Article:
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. Last Updated: 07/27/2016

Red Wings Keep Cool Over Blues

ST. LOUIS -- It was the game that could have ended their season and made them victims of the biggest upset in National Hockey League history, but the Detroit Red Wings refused to panic.

They decided to approach it as just another date on the schedule, removing from their minds the pressure that had interrupted the flow of their trademark, high-tempo game. That attitude Tuesday was more effective than any of Coach Scotty Bowman's clever line changes, freeing them to dictate the pace in a 4-2 victory over the St. Louis Blues at the Kiel Center that tied their quarterfinal playoff series at 3-3.

"We were in a situation where we just decided, 'Let's behave and act the way we'd normally act.' There was no sense in getting uptight," said Detroit center Steve Yzerman, who played an outstanding game defensively and assisted on Nicklas Lidstrom's game-clinching goal. "We said, 'Just treat it like you normally do.' We had nothing to lose."

All they had to lose was the series and everything they accomplished in winning a record 62 games this season with a league-high 131 points.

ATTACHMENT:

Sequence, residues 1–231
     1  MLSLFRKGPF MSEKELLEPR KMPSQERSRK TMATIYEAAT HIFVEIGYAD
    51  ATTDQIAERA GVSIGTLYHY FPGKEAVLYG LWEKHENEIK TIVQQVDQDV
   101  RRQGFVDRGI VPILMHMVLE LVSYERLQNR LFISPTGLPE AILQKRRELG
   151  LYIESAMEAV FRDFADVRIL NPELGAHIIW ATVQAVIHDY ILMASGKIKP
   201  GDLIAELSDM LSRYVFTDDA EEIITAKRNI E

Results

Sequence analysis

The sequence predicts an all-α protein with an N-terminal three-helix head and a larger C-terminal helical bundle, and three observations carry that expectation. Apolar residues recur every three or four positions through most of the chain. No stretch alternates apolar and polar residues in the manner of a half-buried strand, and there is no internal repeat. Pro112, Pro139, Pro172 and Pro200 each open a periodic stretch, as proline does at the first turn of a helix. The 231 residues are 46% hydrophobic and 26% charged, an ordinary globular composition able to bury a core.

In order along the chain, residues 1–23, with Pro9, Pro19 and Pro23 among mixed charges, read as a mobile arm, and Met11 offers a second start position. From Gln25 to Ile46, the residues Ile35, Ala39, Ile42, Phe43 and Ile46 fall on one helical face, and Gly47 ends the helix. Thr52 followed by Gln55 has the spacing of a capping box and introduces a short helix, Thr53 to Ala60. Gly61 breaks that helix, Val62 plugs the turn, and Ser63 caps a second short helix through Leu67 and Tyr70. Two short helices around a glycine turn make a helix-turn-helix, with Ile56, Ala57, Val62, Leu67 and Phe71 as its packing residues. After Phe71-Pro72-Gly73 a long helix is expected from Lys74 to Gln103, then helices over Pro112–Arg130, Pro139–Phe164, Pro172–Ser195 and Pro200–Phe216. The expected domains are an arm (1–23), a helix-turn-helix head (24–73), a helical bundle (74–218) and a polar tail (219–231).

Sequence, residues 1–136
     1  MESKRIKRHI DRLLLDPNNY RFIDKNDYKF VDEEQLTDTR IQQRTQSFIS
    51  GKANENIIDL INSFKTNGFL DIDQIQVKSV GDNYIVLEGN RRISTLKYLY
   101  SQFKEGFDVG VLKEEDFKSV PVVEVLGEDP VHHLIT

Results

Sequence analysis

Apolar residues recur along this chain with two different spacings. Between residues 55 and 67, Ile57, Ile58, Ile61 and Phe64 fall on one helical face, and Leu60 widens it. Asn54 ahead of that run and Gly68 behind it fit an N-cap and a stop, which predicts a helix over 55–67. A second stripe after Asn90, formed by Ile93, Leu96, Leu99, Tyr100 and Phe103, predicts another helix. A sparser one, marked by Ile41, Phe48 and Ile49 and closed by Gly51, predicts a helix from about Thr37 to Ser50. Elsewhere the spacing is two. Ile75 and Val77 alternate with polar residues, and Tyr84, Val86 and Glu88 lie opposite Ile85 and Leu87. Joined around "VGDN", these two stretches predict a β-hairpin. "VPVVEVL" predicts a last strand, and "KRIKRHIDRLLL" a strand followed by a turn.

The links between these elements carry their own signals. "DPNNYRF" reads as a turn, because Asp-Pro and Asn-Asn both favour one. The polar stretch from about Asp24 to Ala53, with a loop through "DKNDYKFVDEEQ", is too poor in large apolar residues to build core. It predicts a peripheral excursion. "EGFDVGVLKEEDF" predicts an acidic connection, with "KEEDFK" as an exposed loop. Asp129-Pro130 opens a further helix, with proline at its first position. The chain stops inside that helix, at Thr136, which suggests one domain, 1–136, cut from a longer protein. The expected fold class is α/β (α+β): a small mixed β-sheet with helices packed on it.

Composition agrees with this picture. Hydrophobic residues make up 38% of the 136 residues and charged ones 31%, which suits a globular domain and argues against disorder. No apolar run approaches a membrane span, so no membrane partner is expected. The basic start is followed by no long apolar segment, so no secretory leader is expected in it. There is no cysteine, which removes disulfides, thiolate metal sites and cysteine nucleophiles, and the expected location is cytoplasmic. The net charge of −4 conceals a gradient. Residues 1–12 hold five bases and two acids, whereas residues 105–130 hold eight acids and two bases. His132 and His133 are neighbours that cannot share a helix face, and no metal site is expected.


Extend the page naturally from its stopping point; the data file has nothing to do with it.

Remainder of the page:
The Blues finished 51 points behind the Red Wings, but that was forgotten when they bumped the Wings and jangled their nerves in winning games 3, 4 and 5. No team has ever eliminated an opponent that had so large a regular-season point advantage.

The Red Wings' main objective was to play with the lead instead of playing catch-up; they accomplished that in the first period. Igor Larionov deflected a shot by Vyacheslav Kozlov past Blues goalie Jon Casey at 10:17, and Kris Draper padded that to 2-0 at 14:05 when he intercepted a bad clearing pass by Casey and ripped it past the startled goalie.

That gave Detroit confidence and forced St. Louis to open up defensively. Detroit extended its lead to 3-0 on a power-play deflection by Dino Ciccarelli before the Blues mounted any pressure on goalie Chris Osgood. Steve Leach and Brett Hull scored within a 59-second span late in the third period, giving the 20,796 fans a brief thrill, but Lidstrom sent them streaming out the doors when he scored on a slap shot from the slot.

(For other results, see Scorecard.)